Saturday, February 2, 2008

February 2

Today I looked up the conversion rate from South African Rand to Canadian dollars.

Edited to add:
I spent South African Rand, but not using cash - I used my credit card. Getting money changed was too expensive.

It was 31 degrees celcius when I left Gabarone, and my final destination of Ottawa had issues yesterday with air travel being affected because of a winter storm. This is going to be quite a shock.

The internet in South Africa is much, much better than Botswana. I may get inspired and post more later today - just general comments about Botswana.

Edited again:
Botswana comments:
- The food was consistently good - there were a couple of meals that weren't great, but only 1 or 2 out of two weeks. (And usually the ones that weren't great were ones that I could have predicited wouldn't be great).
- With every meal, you get a toothpick.
- Nothing I ordered was ever quite what I expected.
- Coke cans are smaller, but heavier - I always thought there was a little bit of liquid left in the can.
- Feta cheese is common, but it's milder than it is in Canada.
- There's not much traditional food - in the two weeks, I only saw one restaurant that had anything very traditional.
- At lunch time, stands pop up at the side of the road (and in grocery stores) selling food. Perhaps this is more traditional - I was a little concerned about eating food from the side of the road so I didn't try it.
- There is a big British & South African influcence in Botswana. A lot of the hotel/restaurant managers are South African.
- On the way from the airport to the hotel, I saw a monkey. On the way from the hotel to the airport on the last day, I saw some type of wild birds (about turkey sized). Other than that, I didn't see much wildlife outside of the game reserves.
- Since the Botswanan pula is worth around 16 cents Canadian, prices were generally cheap. There were a few exceptions, mostly things like electronics.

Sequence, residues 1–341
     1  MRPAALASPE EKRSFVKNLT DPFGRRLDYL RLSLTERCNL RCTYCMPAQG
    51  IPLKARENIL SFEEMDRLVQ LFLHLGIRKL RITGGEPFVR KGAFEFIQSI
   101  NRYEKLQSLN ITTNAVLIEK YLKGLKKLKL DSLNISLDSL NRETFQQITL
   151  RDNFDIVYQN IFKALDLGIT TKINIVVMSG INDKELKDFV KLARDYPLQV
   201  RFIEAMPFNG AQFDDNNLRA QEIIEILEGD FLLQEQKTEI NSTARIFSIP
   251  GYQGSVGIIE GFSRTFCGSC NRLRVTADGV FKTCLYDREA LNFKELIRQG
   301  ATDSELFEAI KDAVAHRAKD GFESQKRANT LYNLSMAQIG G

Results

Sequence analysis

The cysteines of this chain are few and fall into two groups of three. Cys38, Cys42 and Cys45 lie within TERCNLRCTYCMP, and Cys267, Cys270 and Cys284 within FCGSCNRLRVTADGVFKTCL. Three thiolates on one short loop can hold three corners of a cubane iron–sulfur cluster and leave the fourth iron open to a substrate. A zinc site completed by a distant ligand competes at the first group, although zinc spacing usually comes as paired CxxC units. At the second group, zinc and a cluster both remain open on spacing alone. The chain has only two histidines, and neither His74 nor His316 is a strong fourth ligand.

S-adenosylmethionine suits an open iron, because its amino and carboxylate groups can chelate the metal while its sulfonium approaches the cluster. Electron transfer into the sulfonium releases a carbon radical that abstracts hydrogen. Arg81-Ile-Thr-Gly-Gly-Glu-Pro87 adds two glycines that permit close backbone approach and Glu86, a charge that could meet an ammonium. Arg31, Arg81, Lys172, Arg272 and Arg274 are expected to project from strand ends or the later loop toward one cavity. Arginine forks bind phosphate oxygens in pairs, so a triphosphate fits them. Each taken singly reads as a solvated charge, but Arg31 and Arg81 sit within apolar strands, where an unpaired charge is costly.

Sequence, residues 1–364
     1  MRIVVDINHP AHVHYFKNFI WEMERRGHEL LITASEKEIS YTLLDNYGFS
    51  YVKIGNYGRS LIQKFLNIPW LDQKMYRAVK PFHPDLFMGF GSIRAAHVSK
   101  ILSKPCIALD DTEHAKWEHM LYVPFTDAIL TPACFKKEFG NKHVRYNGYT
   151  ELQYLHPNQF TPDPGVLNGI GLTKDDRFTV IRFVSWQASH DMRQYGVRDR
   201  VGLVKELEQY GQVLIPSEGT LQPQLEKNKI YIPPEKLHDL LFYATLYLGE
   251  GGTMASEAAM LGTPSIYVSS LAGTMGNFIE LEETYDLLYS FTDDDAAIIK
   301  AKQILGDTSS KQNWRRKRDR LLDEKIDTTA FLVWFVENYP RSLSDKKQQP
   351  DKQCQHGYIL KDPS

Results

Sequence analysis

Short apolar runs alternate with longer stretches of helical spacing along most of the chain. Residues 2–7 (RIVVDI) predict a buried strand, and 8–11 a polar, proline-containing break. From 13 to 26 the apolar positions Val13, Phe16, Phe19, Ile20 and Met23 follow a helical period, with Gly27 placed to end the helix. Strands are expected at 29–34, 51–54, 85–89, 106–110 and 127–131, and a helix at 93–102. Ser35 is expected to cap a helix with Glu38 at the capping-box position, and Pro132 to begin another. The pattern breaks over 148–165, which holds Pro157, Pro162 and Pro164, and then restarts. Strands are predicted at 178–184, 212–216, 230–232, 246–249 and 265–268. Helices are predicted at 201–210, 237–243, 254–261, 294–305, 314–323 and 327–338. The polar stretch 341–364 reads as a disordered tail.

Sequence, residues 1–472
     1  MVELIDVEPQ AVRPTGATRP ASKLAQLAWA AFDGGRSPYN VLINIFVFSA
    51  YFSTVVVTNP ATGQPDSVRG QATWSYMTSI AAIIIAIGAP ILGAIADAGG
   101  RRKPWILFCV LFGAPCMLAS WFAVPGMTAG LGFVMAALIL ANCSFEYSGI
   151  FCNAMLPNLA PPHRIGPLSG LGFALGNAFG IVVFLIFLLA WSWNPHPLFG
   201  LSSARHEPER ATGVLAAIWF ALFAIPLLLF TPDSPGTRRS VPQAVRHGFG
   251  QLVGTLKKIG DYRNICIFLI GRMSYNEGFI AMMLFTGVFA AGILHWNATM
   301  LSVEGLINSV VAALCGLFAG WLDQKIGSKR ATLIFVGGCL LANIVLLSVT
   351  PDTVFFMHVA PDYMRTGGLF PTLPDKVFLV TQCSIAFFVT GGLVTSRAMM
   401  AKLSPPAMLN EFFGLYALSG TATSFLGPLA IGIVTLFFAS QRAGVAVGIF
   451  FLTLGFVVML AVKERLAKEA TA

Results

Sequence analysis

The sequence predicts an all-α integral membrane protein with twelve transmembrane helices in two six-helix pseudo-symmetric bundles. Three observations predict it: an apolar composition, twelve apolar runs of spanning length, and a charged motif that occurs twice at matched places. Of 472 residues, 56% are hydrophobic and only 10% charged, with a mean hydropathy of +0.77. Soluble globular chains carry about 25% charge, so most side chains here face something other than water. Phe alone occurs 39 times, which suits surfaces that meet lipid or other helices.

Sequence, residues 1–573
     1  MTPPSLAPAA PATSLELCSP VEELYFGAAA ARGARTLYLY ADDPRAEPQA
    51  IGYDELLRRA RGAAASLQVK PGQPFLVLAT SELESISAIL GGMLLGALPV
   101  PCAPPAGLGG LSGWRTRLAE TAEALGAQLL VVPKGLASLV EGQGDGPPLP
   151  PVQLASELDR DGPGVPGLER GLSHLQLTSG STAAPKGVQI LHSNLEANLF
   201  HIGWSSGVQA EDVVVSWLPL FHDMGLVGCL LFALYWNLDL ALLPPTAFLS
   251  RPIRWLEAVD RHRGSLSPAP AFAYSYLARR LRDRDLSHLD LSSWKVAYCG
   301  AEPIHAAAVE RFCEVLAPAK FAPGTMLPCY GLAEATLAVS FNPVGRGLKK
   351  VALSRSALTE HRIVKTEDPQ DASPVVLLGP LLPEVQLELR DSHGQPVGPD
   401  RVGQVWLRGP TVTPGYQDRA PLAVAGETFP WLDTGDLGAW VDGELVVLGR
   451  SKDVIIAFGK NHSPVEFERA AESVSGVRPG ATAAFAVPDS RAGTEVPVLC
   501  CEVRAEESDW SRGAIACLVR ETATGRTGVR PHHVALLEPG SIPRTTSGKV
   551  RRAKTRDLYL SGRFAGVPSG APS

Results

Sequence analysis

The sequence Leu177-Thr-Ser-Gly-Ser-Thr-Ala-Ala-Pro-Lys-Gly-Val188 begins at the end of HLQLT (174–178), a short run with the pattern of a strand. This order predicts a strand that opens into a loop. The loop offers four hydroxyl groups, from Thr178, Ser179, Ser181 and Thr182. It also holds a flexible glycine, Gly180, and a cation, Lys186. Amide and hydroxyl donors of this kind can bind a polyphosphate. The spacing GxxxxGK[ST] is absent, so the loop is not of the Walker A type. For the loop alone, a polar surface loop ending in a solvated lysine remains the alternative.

- Restaurants are good, but hard to find. And they advertise with billboards, but don't put their location on the billboard. In the phone book, they are listed but their address is generally a post office box.
- The roads are wide and not crowded. They tend to have a lot of potholes. They drive on the left.
- Pizzas are delivered on motorbikes which have a large box on the back.
- It's one of the safer-feeling countries I've visited.
- There are always lots of people walking around.
- Women use umbrellas in the sun to provide shade.
- Public transportation is done using vans, and is quite cheap. I heard (but didn't verify) that fares are about $0.05 Canadian.
- The first week was cooler and rainy. The second week was hot, but not humid. It felt about like a Canadian summer - it wasn't ridiculously hot. However, the second week the power failures started. Botswana gets their power from South Africa, and with the development going on in both countries, there is a power shortage, so everyone gets blackouts.
- Women do carry things on their heads. It's not something I saw every day, but I did see it 5 or 6 times over the two weeks.
- Babies are typically carried tied to their mother's back using a shawl or towel.

I'd love to go back and go to more of the country - particularily to do a safari up north.

A somewhat typical house:

"Do it yourself" housing - i.e. shantytown:

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